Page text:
639 F2d 453 Besler

639 F.2d 453

Wayne BESLER; Alvin Babb; Douglas Beckham; Richard Orwick,
on behalf of themselves and all others similarly
situated, Appellees,
v.
UNITED STATES DEPARTMENT OF AGRICULTURE; Commodity Credit
Corporation of the United States Department of Agriculture;
South Dakota State Agricultural Stabilization and
Conservation Service Committee and their Employees, Agents
and Assigns, Appellants.

No. 80-1435.

United States Court of Appeals,
Eighth Circuit.

Submitted Jan. 16, 1981.
Decided Feb. 5, 1981.

Terry L. Pechota, U. S. Atty., Shelley M. Stump, Asst. U. S. Atty., Sioux Falls, S. D., for appellants.

John T. Hughes, Sturgis, S. D., for appellees.

Before GIBSON, Senior Circuit Judge, and HEANEY and ARNOLD, Circuit Judges.

PER CURIAM.

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1

This is an appeal by the United States of the district court's1 denial of its motion to amend a declaratory judgment and award further relief pursuant to 28 U.S.C. § 2202. We reverse and remand to the district court.

2

The appellees were among a number of ranchers in South Dakota who applied for the purchase of feed grains from the Commodity Credit Corporation under the Emergency Livestock Feed Program (7 U.S.C. § 1427). These applications, made between October, 1974, and February, 1975, were initially approved by the state or county offices of the Agricultural Stabilization and Conservation Service. In December, 1975, the United States Department of Agriculture determined that the ranchers were ineligible for the program and demanded that they repay the difference between the market price at the time of purchase and the "support price" paid to the Commodity Credit Corporation. The ranchers were notified that if they did not repay the amounts owed, the debts would be set off against any future program benefits they may become eligible for by the use of the Commodity Credit Corporation debt register. 7 U.S.C. § 1427; 7 C.F.R. § 13.1 et seq. A group of ranchers then filed an action in federal district court seeking declaratory and injunctive relief barring collection of the benefits erroneously accrued. The suit was certified as a class action; the appellees are members of this class. On June 30, 1979, the district court granted summary judgment in favor of the United States, holding that it was not estopped from recovering the monies erroneously paid. Besler v. U. S. Department of Agriculture, No. 77-5016 (D.S.D. June 30, 1978). The ranchers did not appeal that decision.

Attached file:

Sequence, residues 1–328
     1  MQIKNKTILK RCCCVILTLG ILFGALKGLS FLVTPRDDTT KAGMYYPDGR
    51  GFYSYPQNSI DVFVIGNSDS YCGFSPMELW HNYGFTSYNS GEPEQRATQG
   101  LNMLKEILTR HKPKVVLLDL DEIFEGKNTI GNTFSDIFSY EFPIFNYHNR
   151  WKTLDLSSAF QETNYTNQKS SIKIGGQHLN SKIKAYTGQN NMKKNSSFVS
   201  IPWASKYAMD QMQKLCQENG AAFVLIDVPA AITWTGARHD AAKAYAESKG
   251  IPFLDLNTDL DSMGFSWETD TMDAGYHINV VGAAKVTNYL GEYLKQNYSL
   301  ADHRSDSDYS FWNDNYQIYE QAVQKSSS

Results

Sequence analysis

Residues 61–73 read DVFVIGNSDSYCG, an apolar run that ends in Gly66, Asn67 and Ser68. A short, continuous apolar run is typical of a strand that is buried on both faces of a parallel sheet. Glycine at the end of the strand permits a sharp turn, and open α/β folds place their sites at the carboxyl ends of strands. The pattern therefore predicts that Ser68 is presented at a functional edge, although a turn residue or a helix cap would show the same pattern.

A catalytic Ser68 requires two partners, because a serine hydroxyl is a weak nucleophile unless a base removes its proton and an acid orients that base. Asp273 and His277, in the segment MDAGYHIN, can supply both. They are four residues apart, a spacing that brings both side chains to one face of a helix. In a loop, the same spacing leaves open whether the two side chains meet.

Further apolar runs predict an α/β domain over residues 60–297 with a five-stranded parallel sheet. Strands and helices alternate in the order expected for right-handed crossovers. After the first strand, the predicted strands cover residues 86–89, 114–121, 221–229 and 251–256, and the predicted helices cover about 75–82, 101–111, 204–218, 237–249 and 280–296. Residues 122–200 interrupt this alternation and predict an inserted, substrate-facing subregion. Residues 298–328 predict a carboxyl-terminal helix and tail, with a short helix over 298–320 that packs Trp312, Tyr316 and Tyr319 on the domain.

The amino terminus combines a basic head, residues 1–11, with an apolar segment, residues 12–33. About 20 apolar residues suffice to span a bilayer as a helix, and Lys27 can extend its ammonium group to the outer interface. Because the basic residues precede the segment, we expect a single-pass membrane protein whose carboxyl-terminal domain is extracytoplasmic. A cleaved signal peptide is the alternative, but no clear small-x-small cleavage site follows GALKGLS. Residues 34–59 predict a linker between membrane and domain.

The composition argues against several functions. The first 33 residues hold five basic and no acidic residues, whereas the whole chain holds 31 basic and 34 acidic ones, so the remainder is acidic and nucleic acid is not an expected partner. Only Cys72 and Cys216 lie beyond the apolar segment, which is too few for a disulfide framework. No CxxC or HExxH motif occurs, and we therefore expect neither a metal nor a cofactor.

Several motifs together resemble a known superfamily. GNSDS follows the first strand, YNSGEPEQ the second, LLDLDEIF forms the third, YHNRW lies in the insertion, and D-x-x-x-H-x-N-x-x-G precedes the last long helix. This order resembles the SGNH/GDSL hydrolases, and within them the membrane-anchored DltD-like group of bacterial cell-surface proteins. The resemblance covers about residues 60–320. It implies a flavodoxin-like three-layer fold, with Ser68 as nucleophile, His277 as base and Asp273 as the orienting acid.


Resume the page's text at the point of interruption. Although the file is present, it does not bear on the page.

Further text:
3

The government subsequently made efforts to recover the monies due. The debt register was used and some of the ranchers agreed to repayment plans. On March 3, 1980, the United States filed a motion to amend the declaratory judgment and to award further relief. Its motion was accompanied by an affidavit claiming that demand had been made upon the appellees, and that they had refused to comply with the declaratory judgment. A total of $26,305.33 was allegedly still owing from the seven appellees. In its brief before the district court, the government stated that it had made "good faith efforts" to utilize the debt register, but that this method was "exhausted" as to the appellees. The district court, without a memorandum or hearing, entered an order denying the government's motion to amend. The government appeals.

4

We consider the issue to be whether the district court abused its discretion in denying the government's motion for supplemental relief. Cf. Alsager v. District Court of Polk County, 518 F.2d 1160 (8th Cir. 1975); Eastman Kodak Co. v. Studiengesellschaft Kohle, 392 F.Supp. 1152, 1157-1158 (D.Del.1975). That motion was filed pursuant to 28 U.S.C. § 2202, which provides:

5

Further necessary or proper relief based on a declaratory judgment or decree may be granted, after reasonable notice and hearing, against any adverse party whose rights have been determined by said judgment.

6

We hold that the district court erred in denying further relief. Although the court's order was issued without a memorandum, it is apparent that denial of the motion was based on the court's view that the government must use the Commodity Credit Corporation debt register to recoup its funds. There is, however, no statutory or regulatory basis for requiring the government to use this setoff method. Further, it is clear that this method has not been available against the appellees, and that it is not likely to be. A substantial period of time has elapsed since entry of the summary judgment in favor of the United States, and the appellees' debts are still outstanding. Although demand has been made upon all of the ranchers who erroneously received benefits and the government has successfully recouped the funds from many of them, they have been unable to either procure repayment from the appellees or to setoff benefits owing to the appellees by way of the debt register. The appellees have not averred that they will be receiving any future benefits from the Commodity Credit Corporation that the government may set off against the amounts presently owed. It is clear that the appellees are attempting to avoid repayment of funds that are admittedly due the government.

7

The declaratory judgment previously entered by the district court conclusively established the government's right to recoup the benefits received by the appellees. We remand to the district court, with orders to it to enter money judgments against the appellees and to determine the amounts owed.

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1

The Honorable Andrew Bogue, United States District Judge for the District of South Dakota